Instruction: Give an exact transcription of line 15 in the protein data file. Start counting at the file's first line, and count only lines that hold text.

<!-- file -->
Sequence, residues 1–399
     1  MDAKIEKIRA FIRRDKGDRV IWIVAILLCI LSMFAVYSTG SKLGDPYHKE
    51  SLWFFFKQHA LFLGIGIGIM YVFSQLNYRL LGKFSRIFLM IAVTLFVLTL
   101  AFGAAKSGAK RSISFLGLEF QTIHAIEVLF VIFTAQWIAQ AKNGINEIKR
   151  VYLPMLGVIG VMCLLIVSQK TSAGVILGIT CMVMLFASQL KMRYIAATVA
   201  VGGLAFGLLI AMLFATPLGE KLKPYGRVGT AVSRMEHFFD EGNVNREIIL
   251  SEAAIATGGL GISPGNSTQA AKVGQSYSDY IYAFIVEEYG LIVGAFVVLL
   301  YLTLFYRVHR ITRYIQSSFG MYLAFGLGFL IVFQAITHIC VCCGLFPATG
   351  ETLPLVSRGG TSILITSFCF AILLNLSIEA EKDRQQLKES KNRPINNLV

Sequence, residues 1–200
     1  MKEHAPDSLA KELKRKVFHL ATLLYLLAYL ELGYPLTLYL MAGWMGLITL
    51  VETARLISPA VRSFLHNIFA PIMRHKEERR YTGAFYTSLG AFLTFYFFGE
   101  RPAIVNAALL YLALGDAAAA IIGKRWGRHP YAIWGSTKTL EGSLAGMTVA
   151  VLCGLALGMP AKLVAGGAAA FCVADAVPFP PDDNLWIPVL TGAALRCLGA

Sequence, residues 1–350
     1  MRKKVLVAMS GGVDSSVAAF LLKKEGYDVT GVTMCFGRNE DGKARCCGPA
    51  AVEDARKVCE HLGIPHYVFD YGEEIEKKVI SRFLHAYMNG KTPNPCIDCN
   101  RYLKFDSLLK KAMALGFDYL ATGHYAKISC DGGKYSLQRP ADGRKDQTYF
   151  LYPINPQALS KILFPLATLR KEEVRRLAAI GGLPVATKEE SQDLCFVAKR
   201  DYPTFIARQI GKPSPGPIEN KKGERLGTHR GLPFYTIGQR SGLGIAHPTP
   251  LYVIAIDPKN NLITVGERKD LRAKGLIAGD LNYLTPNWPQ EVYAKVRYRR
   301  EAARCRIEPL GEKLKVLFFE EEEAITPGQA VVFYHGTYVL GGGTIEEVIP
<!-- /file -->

Sequence, residues 1–350